Sports betting and poker seem to go hand in hand, and two new books provide insight into each of the popular pastimes.
Lem Banker’s Book of Sports Betting (182 pages, plastic spiralbound, $29.95) has been out of print for more than 15 years but it’s so legendary that people have been willing to pay $50 or more for a copy of it on e-bay. Now, it is available in reprint form from Gambler’s Book Club (Gambler’s Book Shop) for $29.95.
Banker’s 1986 classic, along with a marvelous book on poker titled Phil Gordon’s Little Green Book (Lessons and Teachings in No-Limit Texas Hold’em) (286 pages, hardbound, $2l) both have value for the price.
Banker, a veteran of more than 40 years in sports betting, co-wrote the book with Fred Klein. They broke the topic into eight major sections and focused on betting football, basketball, baseball and boxing.
Banker discusses what it was like to be betting in the pre-computer days and how information was gathered, evaluated and bet on. He explains why a professional gambler cannot afford to be a fan. His insights on why it’s important to know how to watch a game or event on television is crucial, as are his views on handicapping services, his reasoning for when to be early or late and his insight into fixed games.
A virtual encyclopedia of knowledge on sports betting, Banker has known good guys, bad guys and geniuses and their "art of getting a good number."
Certainly the art of handicapping and where to get a big bet down has changed in the past two decades, but reading Banker’s book is both a how-to bet and a history lesson, a lot of it covering how to survive; how to manage your money; and understanding how tough it is to sustain a winning percentage and make a living over the long run.
A whole generation has missed this wonderful book. It’s now available for the first time in years. You’ll like it, because it imparts knowledge and it makes good sense, to learn from a very classy guy.
Gordon’s poker book gets right to the marrow of the game of hold’em. He’s a player, analyst, narrator and spokesman for the poker industry. In many ways, he’s helped make the game more understandable for millions of newcomers, especially those who watch tournament play on television.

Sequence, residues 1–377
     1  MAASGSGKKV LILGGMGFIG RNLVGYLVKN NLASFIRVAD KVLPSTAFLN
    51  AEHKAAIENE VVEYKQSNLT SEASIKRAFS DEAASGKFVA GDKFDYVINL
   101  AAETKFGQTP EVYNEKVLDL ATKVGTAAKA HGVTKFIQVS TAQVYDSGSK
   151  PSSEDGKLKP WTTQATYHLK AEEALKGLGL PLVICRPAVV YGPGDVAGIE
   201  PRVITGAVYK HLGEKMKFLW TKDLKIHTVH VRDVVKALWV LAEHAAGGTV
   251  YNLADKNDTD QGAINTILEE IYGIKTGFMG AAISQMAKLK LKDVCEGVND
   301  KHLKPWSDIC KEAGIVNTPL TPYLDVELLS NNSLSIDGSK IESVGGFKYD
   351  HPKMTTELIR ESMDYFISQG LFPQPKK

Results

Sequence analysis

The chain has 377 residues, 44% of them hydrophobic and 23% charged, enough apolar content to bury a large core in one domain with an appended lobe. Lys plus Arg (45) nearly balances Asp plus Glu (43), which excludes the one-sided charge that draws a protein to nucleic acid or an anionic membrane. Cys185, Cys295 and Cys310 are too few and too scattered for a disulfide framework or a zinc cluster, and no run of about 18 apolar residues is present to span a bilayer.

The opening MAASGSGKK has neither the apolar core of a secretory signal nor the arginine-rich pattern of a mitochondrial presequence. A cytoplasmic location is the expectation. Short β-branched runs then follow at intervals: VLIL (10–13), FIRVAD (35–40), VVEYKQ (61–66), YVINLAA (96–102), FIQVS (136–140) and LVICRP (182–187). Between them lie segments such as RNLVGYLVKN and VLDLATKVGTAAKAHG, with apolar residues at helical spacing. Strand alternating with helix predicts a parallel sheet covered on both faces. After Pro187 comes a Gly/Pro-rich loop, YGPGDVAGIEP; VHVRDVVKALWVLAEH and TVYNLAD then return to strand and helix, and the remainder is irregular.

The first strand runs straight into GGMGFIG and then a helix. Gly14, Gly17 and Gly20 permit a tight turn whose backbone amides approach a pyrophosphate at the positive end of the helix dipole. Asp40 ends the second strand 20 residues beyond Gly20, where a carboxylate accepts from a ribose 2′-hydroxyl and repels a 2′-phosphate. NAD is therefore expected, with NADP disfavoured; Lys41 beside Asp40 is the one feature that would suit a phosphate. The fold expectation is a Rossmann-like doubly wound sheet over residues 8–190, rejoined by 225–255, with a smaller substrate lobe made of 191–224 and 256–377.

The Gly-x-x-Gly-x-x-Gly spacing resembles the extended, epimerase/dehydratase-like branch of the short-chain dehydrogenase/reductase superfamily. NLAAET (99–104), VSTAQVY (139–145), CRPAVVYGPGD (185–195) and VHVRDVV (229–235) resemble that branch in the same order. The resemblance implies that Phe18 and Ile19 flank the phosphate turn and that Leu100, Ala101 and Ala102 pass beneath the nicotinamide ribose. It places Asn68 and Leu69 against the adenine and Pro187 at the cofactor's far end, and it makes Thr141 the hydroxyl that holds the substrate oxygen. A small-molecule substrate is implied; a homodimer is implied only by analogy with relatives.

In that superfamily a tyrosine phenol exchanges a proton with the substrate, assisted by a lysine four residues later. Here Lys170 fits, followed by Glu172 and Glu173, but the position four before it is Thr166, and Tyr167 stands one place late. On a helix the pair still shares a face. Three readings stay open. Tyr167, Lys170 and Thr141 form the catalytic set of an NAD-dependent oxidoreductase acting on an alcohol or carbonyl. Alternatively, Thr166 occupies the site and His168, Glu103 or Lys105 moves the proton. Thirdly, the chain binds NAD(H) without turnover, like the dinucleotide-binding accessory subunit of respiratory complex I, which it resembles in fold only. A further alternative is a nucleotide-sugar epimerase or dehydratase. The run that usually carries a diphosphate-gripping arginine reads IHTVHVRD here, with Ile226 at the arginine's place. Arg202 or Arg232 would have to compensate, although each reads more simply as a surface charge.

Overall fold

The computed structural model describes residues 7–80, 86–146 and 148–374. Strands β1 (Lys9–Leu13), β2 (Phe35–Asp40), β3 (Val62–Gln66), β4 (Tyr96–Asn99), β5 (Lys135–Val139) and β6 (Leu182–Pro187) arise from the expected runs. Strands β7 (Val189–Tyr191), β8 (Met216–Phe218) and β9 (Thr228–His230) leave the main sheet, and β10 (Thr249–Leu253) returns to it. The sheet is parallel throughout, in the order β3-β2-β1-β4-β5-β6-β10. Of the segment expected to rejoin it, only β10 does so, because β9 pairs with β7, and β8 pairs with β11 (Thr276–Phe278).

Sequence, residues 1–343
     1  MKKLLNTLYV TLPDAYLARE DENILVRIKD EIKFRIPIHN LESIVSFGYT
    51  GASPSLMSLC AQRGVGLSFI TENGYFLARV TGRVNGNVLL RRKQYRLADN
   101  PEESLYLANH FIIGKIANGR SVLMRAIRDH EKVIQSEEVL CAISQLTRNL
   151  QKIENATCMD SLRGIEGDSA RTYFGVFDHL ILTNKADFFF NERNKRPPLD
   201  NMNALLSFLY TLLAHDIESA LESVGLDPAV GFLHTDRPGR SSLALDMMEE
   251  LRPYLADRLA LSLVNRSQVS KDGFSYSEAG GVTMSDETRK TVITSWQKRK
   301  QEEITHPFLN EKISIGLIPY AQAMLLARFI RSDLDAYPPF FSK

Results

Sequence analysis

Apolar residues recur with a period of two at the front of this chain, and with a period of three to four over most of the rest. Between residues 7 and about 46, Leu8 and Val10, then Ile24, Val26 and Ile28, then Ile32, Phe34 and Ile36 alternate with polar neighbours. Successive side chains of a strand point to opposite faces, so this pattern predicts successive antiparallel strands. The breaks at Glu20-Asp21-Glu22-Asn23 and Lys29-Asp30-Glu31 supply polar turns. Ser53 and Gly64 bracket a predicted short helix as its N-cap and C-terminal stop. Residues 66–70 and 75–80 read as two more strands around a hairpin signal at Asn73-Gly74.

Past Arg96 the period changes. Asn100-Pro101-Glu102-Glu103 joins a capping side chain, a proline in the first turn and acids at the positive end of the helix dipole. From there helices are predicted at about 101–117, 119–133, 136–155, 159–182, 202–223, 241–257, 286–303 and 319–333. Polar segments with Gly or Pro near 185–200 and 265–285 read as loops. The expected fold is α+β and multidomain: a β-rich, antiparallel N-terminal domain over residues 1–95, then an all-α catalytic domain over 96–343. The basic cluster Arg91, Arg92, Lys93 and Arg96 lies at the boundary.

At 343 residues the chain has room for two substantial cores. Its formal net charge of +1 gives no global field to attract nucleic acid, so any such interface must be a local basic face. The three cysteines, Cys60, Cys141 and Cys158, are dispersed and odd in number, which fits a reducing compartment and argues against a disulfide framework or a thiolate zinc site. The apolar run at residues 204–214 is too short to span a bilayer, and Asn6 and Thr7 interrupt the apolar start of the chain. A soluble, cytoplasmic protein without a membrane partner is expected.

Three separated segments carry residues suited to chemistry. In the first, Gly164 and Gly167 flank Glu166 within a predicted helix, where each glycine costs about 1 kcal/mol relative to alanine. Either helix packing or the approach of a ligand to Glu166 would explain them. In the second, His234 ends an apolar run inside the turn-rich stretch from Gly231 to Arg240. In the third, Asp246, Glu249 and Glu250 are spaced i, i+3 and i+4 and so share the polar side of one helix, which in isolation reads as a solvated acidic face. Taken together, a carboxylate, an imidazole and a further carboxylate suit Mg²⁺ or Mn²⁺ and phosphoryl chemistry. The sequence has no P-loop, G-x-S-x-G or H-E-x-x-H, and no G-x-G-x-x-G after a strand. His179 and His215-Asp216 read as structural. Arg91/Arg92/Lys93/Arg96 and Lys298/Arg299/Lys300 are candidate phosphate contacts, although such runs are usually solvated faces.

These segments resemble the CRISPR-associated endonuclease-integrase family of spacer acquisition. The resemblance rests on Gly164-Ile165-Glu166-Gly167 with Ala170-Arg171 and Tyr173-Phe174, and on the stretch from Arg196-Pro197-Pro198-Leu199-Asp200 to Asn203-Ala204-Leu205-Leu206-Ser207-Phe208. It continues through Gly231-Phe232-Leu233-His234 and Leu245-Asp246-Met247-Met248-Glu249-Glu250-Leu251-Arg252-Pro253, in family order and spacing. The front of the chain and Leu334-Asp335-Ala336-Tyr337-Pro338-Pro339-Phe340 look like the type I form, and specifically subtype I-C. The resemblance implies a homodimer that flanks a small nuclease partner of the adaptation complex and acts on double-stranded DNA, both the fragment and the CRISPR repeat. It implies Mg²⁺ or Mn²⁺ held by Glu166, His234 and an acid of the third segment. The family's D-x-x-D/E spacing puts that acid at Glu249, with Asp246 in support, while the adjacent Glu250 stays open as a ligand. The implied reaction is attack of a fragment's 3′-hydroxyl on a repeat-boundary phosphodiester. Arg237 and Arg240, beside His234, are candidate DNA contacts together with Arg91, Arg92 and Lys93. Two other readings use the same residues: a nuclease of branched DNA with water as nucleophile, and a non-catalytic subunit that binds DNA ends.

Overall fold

His book is both a tutorial and an informational gap-filler. By that I mean the book has structure as it takes the novice through the basics with an understanding that there is need to rationalize and emphasize key points to make both the beginner and somewhat experienced players better by making them prepare and focus for the situations they will eventually encounter at the tables.
A small but vital section focuses on "the call," for example. "Good players rarely call (in no-limit hold’em). Good players raise or fold. Good players who call a bet after the flop are very often slow-playing a monster hand."
His short but drive-the-point-home sections on laydowns; what to do after a bad beat; handling "rushes" (streaks where everything seems to be going right); the importance of observing betting patterns; when to change gears; timing the bets — are all things successful players including the world class pros have learned to develop and continue to modify, depending on opponents and situations.
Gordon knows the game as well as anyone. He has the ability to teach and suggest, and his examples are some of the best you’ll ever read.
Both books are available at Gambler’s Book Shop at 630 S. 11th St., Las Vegas, NV 89101. The store’s web site is www.gamblersbook.com.